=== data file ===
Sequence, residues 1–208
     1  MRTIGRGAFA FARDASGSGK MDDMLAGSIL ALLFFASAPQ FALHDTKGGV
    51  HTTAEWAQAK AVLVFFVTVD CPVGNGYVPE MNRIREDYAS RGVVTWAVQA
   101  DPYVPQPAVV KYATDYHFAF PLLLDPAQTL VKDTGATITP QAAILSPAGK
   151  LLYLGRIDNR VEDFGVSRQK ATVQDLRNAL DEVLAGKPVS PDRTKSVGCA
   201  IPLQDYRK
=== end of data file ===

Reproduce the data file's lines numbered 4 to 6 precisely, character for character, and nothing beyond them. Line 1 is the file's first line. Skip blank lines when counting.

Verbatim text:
   101  DPYVPQPAVV KYATDYHFAF PLLLDPAQTL VKDTGATITP QAAILSPAGK
   151  LLYLGRIDNR VEDFGVSRQK ATVQDLRNAL DEVLAGKPVS PDRTKSVGCA
   201  IPLQDYRK